Agent Claims Share of New ‘Hawaii Five-O’

     LOS ANGELES (CN) – An agent-producer who claims to hold a stake in “Hawaii Five-O” filed a $10 million lawsuit against the daughter of the series’ late creator, claiming the show’s owners went behind his back and bargained away his profits for the 2010 CBS series remake.



     George Litto, an agent who says he represented “Hawaii Five-O” writer-producer Leonard Freeman, sued Robin Bernstein in Superior Court for breach of contract, breach of fiduciary duty, quantum meruit for unjust enrichment, accounting, constructive trust, and declaratory relief.
     Other defendants are the trusts of (nonparties) Leonard Freeman, who passed away in 1974, and Rose Freeman, who managed the “Hawaii Five-O” property created by her husband until she died this year.
     Rose Freeman, an actress who performed under the name Joan Taylor, was sole trustee of the Rose Freeman Revocable Trust. She was succeeded by Bernstein. Bernstein is also a trustee of the Leonard Freeman Revocable Trust, along with named defendant Union Bank.
     In 1997, Litto and Rose Freeman formed L/F Productions LLC to manage the “Hawaii Five-O” property, the complaint states. Litto says that at that time, CBS, which broadcast the original show from 1968-1980, had taken legal action against the trusts to establish ownership of the show.
     Then in 2009, Litto claims, the trusts wrested control of “Hawaii Five-O” by “purposely excluding” him from negotiations with CBS for a new version of the series, modifying an agreement Rose Freeman amended with the network just months after Leonard Freeman’s death in 1974.
     “(I)n complete violation and derogation of plaintiffs’ rights, sometime after May 5, 2010, the trusts signed and entered into an agreement with CBS to materially modify the 1974 amendment in various respects, including, without limitation, changing material financial terms pertaining to the new television productions, including significantly reducing the percentage back-end participation provided for in the 1974 amendment and eliminating the extremely valuable no deficit/no production overage computation applicable to such a back-end participation in new episodes of ‘Hawaii Five-O’ (the ‘2010 CBS amendment’),” the complaint states.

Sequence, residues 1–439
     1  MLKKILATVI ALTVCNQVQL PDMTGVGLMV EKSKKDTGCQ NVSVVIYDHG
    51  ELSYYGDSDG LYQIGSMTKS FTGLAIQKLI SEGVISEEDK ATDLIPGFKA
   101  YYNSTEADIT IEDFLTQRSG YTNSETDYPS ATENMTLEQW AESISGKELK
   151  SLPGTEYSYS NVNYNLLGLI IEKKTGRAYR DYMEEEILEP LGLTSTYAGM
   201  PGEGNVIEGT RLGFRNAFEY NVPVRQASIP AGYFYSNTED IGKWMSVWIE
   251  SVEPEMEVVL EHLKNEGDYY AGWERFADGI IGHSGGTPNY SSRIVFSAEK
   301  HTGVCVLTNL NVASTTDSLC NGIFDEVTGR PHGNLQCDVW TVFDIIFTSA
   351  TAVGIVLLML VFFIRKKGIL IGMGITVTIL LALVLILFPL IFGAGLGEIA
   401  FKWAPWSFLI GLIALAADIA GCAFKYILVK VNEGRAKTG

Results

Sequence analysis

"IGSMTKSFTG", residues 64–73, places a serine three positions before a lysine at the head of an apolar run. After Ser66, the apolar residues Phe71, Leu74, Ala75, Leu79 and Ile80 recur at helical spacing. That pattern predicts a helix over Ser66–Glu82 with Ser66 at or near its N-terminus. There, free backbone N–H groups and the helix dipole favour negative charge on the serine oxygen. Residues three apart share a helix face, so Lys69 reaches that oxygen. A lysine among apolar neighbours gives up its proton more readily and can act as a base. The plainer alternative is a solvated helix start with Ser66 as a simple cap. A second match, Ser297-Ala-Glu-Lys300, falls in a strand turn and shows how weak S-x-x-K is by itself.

The trusts never told CBS that L/F Productions needed to authorize the amendment, Litto claims.
     “Plaintiffs still have never been provided with a copy of what they believe to be the written 2010 CBS Amendment,” the complaint states. “Plaintiffs allege on information and belief that the CBS amendment provides for payment of specified fixed fees of at least $40-$50,000 for each episode of the new CBS television production of ‘Hawaii Five-O,’ and for a specified percentage profits or other back-end participation in proceeds derived from the new CBS production. Further plaintiffs are informed and believe, and thereon allege, that the CBS amendment and certain material terms thereof entered into by the trusts materially harmed and/or failed to adequately protect the company’s rights and prospects for future production of a potential ‘Hawaii Five-O’ motion picture.”
     The new “Hawaii Five-O” was first broadcast in September 2010, was renewed for a second season, and for a third earlier this year.
     Litto says that since he holds a 50 percent stake in L/F Productions he is entitled to half of the $2 million CBS paid to the trusts so far – but has yet to see a penny.
     He claims that the trusts have also “diminished the potential return and payments to the company” because of the new version’s success.
     “As stated in numerous press reports, the new ‘Hawaii Five-O’ is a highly lucrative ‘cash cow’ for CBS, already generating very lucrative and profitable syndication sales for the series in both domestic and foreign markets. Plaintiffs are informed and believe, and thereon allege, that the profits from the show in which the company would have shared (if not for the 2010 CBS amendment) on a no deficit/cost overage basis would have resulted in massive profits to the company of millions of dollars, and considerably in excess of the amounts that will be achieved as back-end participation under the 2010 CBS amendment,” the complaint states (Parentheses in complaint.)
     Litto is represented by Robert Marshall with Greenberg Glusker Fields Claman & Machtinger. He seeks punitive damages.

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